Grandparents Are Wasting Money On Their Grandkids And It’s Affecting The Children

by Lee Wang

Grandparents are known for spoiling the children in their lives. However, there are times when this can become excessive. A recent study done by the AARP found that the average American grandparent spends over $2,500 a year on their grandchildren, totaling almost $18 million a year. Although this is fun for the children, it can have some negative and unwanted effects when spent in the wrong ways. The following are areas where grandparent spending has become excessive, and ways to keep the windfall both helpful and sane.

1. Choose books over clothes

Designer clothes are one of the top buys among grandparents with the cash. However, this can be a waste in many ways. Children outgrow clothing quickly so many of these garments get little use. In addition, they often don’t understand that expensive clothes need to be treated differently from their favorite overalls. Rather than feeding their love of fashion with designer duds, experts suggest that you feed their brains with books and games.

2. Set limits on toys

What child doesn’t love toys? Because toys are guaranteed to produce smiles, grandparents shower their grandchildren with the latest doodads and electronics. However, this can be overwhelming to children and lead to entitled behavior. If you decide to give toys – and who can resist? – try to give just one or two. Choose reasonably priced toys, remembering that small children often love the box as much as its contents. Your grandchild will appreciate a few modest gifts more and your wallet will feel a bit heavier as well.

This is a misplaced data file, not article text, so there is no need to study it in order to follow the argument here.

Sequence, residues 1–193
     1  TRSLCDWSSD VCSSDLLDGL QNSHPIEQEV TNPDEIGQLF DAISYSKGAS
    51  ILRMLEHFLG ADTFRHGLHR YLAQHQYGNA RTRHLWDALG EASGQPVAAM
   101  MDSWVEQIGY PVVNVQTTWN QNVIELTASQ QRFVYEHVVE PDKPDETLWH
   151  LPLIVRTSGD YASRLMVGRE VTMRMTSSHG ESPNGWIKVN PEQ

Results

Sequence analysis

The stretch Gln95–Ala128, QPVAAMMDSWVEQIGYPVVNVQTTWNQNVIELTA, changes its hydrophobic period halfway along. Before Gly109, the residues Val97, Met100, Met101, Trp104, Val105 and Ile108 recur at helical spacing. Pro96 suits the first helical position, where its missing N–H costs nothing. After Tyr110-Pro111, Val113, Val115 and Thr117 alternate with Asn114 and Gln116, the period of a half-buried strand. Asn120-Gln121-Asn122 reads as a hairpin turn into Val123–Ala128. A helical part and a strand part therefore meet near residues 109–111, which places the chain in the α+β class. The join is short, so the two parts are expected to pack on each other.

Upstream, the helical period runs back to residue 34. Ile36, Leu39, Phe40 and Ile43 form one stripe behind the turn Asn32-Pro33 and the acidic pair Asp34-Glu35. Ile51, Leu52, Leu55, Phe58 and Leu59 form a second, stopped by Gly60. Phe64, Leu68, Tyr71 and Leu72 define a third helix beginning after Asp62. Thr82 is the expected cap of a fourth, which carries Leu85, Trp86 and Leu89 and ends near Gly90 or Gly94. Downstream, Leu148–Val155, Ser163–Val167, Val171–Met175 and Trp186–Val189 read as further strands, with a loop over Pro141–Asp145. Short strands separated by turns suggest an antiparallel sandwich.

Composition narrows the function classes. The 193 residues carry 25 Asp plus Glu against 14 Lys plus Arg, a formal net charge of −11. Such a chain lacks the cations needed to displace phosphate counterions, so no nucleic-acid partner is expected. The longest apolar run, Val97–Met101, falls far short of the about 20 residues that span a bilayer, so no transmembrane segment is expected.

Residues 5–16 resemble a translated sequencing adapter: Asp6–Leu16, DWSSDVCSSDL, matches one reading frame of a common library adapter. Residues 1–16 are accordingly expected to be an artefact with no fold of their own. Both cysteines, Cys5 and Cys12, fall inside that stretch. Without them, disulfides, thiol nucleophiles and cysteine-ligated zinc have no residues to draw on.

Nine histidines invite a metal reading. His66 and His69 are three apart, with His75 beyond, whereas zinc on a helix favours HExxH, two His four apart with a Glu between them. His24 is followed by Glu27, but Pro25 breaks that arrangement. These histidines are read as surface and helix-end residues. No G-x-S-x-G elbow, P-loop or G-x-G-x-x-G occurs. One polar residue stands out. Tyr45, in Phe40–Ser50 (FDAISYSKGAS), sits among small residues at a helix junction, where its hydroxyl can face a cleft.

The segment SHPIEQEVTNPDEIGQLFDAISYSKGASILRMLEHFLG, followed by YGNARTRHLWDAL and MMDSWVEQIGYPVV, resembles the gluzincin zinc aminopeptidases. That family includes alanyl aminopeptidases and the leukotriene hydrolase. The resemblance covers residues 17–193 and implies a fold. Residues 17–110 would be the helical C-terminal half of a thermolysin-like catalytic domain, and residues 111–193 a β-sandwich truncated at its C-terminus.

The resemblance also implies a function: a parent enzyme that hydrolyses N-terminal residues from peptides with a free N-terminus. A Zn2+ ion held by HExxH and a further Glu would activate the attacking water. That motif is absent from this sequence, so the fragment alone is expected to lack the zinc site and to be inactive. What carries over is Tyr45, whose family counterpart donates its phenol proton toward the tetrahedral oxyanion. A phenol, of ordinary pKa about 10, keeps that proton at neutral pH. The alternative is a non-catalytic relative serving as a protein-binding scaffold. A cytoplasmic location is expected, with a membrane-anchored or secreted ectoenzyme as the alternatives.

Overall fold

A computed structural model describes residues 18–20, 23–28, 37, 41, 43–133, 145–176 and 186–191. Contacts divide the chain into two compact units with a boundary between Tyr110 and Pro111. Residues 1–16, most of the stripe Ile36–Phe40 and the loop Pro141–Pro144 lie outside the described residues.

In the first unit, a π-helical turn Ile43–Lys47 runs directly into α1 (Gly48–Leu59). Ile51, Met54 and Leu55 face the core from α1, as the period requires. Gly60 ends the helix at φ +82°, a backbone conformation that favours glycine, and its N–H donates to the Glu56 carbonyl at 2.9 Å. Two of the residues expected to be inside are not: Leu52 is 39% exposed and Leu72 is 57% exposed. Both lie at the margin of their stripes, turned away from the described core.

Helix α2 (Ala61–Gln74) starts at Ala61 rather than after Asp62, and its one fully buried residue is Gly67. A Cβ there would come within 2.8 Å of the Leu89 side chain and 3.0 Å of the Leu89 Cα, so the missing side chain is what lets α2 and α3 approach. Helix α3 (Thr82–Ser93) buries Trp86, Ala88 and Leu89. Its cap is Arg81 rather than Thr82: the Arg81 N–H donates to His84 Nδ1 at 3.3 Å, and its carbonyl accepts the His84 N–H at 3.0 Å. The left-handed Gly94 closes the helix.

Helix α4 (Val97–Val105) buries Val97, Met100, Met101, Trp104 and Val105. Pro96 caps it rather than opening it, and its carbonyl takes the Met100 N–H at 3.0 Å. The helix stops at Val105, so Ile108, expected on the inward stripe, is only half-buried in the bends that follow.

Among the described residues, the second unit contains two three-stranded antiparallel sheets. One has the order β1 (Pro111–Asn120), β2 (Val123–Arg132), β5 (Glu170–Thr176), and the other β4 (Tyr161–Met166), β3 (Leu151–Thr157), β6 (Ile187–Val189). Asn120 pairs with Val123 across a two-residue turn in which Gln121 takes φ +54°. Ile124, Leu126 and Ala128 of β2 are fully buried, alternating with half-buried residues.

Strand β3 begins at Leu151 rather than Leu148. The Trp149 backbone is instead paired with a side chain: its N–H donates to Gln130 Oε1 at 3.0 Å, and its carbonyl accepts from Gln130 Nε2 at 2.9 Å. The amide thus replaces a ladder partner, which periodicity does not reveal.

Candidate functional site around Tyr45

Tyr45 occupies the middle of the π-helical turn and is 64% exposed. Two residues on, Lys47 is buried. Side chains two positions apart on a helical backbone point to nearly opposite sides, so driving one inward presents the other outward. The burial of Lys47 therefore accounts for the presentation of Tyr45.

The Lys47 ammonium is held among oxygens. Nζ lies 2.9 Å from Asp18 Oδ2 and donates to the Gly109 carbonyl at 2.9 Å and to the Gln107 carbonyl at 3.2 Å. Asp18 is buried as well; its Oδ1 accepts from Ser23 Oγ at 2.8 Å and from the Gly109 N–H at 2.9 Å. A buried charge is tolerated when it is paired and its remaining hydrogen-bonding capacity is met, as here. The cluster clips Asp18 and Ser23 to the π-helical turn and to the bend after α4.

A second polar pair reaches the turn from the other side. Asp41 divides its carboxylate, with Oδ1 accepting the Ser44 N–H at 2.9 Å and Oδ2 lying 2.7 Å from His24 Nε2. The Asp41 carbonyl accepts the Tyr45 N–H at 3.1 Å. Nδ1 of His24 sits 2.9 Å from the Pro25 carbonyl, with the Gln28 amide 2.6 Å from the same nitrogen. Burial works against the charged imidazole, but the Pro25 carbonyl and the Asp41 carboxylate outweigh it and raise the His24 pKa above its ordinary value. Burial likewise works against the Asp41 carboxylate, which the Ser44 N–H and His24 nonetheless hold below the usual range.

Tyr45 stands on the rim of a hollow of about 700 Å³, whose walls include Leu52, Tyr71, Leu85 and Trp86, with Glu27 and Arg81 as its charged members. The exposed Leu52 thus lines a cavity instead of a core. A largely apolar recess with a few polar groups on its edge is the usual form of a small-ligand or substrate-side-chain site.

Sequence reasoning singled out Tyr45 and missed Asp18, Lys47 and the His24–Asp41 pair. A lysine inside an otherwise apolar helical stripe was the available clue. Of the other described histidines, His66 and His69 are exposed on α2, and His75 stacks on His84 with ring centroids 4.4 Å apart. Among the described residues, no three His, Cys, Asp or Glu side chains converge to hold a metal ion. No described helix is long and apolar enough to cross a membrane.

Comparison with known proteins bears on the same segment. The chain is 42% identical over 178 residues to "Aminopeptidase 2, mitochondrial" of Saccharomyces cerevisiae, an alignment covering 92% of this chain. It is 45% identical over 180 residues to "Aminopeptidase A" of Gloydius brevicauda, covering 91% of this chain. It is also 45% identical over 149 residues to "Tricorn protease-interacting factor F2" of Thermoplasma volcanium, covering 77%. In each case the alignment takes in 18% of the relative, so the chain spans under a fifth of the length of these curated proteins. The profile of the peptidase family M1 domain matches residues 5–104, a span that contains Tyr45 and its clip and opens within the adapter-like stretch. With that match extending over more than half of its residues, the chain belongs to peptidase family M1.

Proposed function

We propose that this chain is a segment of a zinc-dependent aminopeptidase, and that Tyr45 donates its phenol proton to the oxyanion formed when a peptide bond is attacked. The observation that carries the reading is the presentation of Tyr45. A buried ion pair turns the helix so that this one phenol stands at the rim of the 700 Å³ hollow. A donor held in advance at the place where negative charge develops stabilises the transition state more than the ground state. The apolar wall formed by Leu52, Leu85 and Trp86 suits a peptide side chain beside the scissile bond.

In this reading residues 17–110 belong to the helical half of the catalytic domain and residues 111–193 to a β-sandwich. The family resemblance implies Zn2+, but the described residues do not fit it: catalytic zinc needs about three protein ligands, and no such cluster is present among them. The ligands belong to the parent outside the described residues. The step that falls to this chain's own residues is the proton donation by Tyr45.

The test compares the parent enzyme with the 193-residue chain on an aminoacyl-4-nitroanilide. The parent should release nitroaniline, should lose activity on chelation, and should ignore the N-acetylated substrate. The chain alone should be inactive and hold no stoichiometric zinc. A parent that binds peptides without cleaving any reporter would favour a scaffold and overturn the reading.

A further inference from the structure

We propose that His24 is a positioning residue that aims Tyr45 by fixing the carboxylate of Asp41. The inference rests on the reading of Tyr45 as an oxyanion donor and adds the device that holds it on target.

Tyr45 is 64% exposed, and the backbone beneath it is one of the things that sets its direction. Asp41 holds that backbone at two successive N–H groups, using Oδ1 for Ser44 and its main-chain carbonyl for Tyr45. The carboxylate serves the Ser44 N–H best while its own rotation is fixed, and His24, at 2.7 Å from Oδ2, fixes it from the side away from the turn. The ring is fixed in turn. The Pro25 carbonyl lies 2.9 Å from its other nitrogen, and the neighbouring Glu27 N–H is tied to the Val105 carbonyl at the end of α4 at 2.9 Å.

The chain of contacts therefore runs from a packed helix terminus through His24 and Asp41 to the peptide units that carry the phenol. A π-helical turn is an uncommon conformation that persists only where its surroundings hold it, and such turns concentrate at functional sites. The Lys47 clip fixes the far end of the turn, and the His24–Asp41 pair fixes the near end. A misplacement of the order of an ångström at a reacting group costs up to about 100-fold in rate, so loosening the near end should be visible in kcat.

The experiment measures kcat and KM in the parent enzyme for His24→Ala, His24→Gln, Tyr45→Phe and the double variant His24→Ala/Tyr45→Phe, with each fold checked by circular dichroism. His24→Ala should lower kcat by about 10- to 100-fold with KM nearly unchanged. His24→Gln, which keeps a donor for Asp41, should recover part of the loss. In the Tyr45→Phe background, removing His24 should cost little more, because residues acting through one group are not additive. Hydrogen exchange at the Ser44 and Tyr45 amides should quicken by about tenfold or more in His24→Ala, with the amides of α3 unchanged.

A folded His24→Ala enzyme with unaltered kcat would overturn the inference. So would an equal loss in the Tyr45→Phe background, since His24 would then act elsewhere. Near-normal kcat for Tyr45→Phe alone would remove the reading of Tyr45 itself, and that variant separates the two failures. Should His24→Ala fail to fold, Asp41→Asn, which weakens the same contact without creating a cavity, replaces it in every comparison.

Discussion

3. Avoid big surprises

Perhaps you want to surprise your grandchild with a surprise trip to Disneyland or another deluxe vacation. However, big trips and vacations should never be a surprise to the parents who must arrange for childcare, medicines, and other trip supplies. Even then, many children become fussy and overwhelmed when a huge surprise such as a trip is spring on them. If you are tempted to surprise your little one, surprise them with a day trip and make sure their parents are part of the planning.

With the money saved, consider opening a college savings plan such as a 529 account. These accounts will not count against children in financial aid applications and also are tax-free.

4. Consider whether handmade items and heirlooms are appropriate for a child

Everyone wants the beloved children in their lives to have something with which to remember them. You may be tempted to give your grandchild your silver spoon from infancy or a homemade quilt.

While these items are meant to be passed down, consider leaving them for a later date. A college-aged or newly married grandchild will treasure these items and put them to good use.

Although it can be difficult to find the right balance, this is a balance that every grandparent must achieve. Your relationship with your children and grandchildren depends on learning to be a pleasant and balanced part of your family’s life.

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